Freedom and ping an, 平安
«Freedom» is a key and paramount value of modern Western culture and Anglo-American cultural, political, and economic discourse. The United States and other Western countries have tried to advocate the value of freedom for more than a century because Western cultural specificity could be considered a universal value.
However, in general, in East Asian culture, China as an example, the value of «ping-an» (平安), with its connotations of peace, security, equality, health, harmony, and tranquility, is superior (XU Keqian; 1). He maintains that values and value priorities are not absolute or universal but rather historical, situation-specific, and dynamic. Value priority is based on the particular social reality and the development and vital needs of its people rather than external imperative. Value priority is generated from and justified by the specific historical tradition of those peoples or nations.
from ancient Greece..
Even in the West,
«freedom» has not always been a priority value. In ancient Greece, virtue and perfect goodness and wisdom and knowledge were far more valued than individual freedom. The early roots of «liberty» and liberalism can be traced back to 17th century England, where political and economic contests took place between the king and different parts of civil society over taxation, religion, land, and so on. In the late 18th century, the word «liberty» gradually took on a pronounced economic and political meaning in terms of liberal ideas, liberal opinions, liberal principles of liberal systems.
From the 19th century onwards, the idea and value of «liberty,» along with its alleged assumptions, like «natural law» and «individual rights,» came to be accepted as somewhat obvious and axiomatic. It is understandable that the idea and theory of «freedom» were serving the particular purposes of a specific class of people in that specific society at that time.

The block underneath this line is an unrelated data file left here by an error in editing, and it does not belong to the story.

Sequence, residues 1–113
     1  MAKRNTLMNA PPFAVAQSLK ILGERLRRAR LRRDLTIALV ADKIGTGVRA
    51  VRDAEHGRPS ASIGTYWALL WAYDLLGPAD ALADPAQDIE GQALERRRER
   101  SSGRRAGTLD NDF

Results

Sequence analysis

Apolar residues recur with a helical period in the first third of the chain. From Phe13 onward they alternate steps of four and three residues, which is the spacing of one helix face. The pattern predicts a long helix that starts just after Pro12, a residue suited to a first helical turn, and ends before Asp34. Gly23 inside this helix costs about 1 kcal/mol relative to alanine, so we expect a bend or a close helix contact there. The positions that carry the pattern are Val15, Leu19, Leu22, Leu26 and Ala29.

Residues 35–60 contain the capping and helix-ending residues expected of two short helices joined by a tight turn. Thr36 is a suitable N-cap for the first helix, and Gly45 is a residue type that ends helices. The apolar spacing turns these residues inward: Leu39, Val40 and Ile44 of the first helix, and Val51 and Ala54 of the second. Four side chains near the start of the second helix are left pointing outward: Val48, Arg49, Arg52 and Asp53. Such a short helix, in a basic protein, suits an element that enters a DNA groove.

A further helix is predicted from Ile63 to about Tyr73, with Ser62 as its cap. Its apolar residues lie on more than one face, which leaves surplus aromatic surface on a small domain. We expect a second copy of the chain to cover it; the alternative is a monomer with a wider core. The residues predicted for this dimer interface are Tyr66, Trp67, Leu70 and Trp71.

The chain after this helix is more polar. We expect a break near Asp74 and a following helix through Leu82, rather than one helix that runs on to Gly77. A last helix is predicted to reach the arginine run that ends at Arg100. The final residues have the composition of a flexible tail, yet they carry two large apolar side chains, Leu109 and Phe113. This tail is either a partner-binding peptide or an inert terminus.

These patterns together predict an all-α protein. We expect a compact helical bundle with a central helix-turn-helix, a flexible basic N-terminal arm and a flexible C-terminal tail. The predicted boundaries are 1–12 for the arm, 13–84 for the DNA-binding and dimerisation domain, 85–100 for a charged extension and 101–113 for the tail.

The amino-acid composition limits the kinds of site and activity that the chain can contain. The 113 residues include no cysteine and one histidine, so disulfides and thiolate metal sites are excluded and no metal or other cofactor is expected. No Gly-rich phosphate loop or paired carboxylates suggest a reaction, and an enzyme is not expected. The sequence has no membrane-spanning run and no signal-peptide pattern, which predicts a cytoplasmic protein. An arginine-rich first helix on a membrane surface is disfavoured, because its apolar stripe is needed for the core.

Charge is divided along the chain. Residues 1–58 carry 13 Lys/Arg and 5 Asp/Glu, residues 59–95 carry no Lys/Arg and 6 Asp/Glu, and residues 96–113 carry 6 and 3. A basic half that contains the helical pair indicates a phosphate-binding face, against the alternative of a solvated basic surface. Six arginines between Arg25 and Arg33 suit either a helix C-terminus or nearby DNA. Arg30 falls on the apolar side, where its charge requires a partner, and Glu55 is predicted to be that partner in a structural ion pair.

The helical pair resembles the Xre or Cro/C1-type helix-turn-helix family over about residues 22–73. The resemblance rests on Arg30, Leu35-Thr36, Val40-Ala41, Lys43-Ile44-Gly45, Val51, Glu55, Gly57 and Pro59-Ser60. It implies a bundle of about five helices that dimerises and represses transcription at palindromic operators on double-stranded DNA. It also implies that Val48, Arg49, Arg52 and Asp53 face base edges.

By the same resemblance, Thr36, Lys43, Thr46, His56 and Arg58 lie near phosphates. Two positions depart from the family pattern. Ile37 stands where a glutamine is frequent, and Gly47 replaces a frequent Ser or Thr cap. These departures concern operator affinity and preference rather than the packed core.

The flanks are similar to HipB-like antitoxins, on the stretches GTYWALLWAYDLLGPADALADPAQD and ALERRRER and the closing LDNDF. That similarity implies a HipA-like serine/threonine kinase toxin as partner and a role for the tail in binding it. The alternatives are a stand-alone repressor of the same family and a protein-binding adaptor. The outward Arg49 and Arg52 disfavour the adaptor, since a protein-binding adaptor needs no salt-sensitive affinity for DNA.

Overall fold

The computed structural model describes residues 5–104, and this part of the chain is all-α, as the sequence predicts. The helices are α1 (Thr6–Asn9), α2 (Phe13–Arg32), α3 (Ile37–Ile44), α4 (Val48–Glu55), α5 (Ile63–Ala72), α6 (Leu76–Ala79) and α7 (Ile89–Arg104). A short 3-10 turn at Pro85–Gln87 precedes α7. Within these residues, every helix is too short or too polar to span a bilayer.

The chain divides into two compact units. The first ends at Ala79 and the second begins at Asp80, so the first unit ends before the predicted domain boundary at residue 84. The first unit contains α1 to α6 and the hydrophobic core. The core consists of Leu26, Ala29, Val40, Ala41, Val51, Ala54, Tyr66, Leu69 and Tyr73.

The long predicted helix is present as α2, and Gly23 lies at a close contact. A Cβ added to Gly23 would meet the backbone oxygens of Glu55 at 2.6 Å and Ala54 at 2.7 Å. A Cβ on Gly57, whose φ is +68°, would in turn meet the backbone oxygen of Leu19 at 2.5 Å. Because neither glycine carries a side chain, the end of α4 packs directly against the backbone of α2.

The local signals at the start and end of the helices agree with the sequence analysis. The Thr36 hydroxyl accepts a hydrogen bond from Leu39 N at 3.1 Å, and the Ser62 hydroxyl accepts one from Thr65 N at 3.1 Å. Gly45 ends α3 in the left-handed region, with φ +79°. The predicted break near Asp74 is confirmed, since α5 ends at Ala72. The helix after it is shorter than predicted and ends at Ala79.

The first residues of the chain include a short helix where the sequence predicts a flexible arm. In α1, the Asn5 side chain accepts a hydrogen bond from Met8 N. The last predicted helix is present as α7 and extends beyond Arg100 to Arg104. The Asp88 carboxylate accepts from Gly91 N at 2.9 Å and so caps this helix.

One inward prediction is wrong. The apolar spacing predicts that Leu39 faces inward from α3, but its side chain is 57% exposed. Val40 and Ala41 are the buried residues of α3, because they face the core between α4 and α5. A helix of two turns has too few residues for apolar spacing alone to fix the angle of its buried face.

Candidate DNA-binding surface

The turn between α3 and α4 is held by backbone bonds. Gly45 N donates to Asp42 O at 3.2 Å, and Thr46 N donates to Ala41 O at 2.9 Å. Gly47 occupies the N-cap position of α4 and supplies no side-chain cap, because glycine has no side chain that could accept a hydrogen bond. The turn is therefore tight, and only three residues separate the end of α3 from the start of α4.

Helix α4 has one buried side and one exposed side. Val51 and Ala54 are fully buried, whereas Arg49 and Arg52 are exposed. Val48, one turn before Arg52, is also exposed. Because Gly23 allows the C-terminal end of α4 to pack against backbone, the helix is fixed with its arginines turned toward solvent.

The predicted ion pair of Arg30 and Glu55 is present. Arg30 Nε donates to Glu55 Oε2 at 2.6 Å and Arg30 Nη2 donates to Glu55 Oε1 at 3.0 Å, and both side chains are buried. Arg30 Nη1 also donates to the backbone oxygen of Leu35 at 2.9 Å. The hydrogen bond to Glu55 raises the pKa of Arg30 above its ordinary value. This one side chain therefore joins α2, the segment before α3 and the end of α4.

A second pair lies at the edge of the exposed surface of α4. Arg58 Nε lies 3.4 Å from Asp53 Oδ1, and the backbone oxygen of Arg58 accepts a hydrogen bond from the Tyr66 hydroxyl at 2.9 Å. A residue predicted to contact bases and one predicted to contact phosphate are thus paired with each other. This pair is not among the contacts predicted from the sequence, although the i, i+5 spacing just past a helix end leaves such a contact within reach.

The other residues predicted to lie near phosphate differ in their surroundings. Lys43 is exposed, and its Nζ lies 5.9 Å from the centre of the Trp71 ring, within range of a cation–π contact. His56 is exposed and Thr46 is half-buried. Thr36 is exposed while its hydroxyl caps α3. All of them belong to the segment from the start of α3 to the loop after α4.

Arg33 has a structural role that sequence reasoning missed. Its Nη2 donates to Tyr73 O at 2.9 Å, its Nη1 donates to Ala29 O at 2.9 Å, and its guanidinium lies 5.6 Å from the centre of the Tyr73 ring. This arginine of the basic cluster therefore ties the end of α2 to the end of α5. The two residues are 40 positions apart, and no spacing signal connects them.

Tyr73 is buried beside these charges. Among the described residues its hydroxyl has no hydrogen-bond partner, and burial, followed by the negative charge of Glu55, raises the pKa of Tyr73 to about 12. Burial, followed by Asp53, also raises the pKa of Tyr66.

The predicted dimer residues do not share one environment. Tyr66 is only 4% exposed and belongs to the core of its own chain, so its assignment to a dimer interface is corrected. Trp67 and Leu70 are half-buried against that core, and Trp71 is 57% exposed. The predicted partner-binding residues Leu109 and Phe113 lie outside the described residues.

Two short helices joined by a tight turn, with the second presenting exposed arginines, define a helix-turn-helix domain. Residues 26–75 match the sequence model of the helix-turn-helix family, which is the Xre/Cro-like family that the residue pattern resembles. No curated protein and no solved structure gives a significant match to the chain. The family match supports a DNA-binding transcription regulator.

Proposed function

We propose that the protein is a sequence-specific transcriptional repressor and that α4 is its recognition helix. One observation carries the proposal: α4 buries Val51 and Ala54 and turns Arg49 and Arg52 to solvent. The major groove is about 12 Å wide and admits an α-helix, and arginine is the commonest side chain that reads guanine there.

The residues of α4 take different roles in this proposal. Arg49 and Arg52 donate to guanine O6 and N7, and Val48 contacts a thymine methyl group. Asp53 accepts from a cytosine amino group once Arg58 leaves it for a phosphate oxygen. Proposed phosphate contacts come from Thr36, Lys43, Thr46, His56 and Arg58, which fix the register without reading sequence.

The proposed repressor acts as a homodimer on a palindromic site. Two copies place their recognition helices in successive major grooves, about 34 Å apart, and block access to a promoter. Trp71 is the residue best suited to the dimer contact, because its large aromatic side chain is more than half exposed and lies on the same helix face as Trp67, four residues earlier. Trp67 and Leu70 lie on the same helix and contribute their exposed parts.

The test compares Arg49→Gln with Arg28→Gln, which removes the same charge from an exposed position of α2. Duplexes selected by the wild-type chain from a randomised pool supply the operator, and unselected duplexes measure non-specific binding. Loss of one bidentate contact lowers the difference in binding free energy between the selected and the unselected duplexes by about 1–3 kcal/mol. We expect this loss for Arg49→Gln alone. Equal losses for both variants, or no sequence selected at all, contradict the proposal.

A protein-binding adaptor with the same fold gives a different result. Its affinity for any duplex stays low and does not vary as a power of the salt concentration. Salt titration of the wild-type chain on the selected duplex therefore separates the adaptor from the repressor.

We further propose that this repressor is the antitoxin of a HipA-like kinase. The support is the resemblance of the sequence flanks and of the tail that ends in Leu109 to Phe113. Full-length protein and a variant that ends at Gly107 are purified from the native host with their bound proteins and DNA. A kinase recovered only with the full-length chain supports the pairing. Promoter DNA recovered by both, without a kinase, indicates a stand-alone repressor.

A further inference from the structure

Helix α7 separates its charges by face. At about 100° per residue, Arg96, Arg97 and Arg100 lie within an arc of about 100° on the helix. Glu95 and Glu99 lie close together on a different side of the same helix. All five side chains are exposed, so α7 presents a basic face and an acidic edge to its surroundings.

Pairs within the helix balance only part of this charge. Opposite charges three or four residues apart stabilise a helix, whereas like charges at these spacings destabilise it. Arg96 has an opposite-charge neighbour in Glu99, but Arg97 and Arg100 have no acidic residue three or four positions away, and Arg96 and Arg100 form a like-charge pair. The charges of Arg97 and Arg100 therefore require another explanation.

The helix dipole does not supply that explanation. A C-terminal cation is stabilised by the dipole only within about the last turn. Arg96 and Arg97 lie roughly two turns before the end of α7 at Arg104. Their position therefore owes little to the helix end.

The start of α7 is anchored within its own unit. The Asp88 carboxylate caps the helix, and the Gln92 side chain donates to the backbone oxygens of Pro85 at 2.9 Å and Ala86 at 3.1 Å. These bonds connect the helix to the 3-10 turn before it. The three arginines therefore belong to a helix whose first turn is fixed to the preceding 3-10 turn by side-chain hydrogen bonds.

… to the english inmigrants
When the English immigrants
came to the «new continent,» they were a commonwealth of individuals living freely under «natural law»; the land was vast, and the population was sparsely dispersed.
The historical tradition at the other end of the world was different in history and religious beliefs. Confucianism, Daoism, and Buddhism constituted the dominant ideology. Following XU Keqian (1), in this context, the core value of ancient Chinese culture could be called «ping-an» (平安), which roughly means peace and security. a Han dynasty scholar commenting on the writings of Confucius wrote, «The people live in tranquility and security (an), this is the evidence of great peace… When a wise ruler rules the world, what he should expect is ping-an.»
Gradually, «ping» and «an» were combined into a compound word that Chinese people often use to express in simple terms their desire for a peaceful and happy life and their best wishes for their society and country. Ancient Chinese valued «平安» as a way to a quiet and secure life with family and social harmony and prosperity, as well as the outward extension of this happiness to countless descendants.
The Anglo-Saxon prioritization of «freedom» as a value has a profoundly historical and philosophical origin. Similarly, the Chinese prioritization of «ping an» as a value has deep roots in its long and rich historical and cultural background.
Freedom and ping an: a historical-cultural context
Most U.S. citizens are descendants of early English settlers and immigrants who came to a new land from other continents. Chinese were native residents in a homeland where their ancestors have lived for countless generations. Furthermore, the Chinese way of life, connected to intensive agriculture, fueled their sympathy for their homeland and their reluctance to leave it. Rather than confronting foreign Indians, the traditional Chinese people used to live among their fellow villagers.